The High Court has given Treasury Secretary Henry Rotich and the Attorney-General 10 days to file evidence in a petition by politicians challenging mandatory insurance cover for motorcycles and tricycles.
Certifying the case filed through lawyer Francis Kalwa as urgent, Justice Weldon Korir said there were “weighty constitutional issues raised in the case which calls for expeditious determination”.
Mr Kalwa told Justice Korir that Mr Rotich and the AG who have been named as defendants have not responded to the suit by Nairobi Governor Mike Sonko and other politicians despite being served with the pleadings.
But a State counsel sought time to put in a response, saying the issues raised in the suit were weighty and needed proper answers.
“The defendants are hereby given 10 days to respond to the weighty constitutional issues. The case will be heard July 25,” Justice Korir ruled.
The politicians want the court to restrain the Treasury secretary from implementing the proposal in his 2019/20 financial budget, arguing that it would lead to massive unemployment and huge loses.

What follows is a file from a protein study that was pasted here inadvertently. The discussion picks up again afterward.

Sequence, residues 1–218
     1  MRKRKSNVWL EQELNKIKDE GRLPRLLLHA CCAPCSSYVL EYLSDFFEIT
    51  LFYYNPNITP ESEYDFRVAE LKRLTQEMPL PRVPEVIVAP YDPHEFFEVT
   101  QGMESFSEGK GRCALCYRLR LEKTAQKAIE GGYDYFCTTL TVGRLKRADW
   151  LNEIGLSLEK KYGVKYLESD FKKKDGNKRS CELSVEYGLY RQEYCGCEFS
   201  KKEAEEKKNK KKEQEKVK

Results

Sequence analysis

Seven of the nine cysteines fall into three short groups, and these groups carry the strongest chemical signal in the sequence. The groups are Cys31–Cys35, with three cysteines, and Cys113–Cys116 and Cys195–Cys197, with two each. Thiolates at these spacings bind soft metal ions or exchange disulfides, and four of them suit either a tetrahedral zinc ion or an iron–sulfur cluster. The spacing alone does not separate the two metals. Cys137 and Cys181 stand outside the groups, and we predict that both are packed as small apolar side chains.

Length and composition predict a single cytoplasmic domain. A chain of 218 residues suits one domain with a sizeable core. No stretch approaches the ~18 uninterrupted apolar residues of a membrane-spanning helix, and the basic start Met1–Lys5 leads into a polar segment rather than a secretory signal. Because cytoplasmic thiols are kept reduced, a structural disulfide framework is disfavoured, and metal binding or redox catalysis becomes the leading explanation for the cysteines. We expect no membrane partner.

They further argue that the proposals were not shared with members of the public for comment before they were introduced.
Mr Rotich had in this year’s Budget indicated that all boda bodas and tuk tuk operators would be required to obtain third party insurance to cover passengers and pedestrians in the event of an accident.
This would be effected by amending the provisions of the insurance.
The petitioners, however, claim that the Mr Rotich should have consulted with the Attorney General before making the order to ensure the proposed amendments are not in conflict with the constitution.
In an affidavit, Mr Sonko claims that the boda bodas and tuk-tuk operators will now find themselves in a position where they are required to pay excessive and obstructive fees in the form of third party insurance without being given any opportunity to debate or discuss the approval.
According to the Governor, the amendments and regulations were not shared with members of the public for comment before being introduced.
“…It follows that there ought to have been sufficient public participation on every issue it intended to introduce,” says Mr Sonko in an affidavit.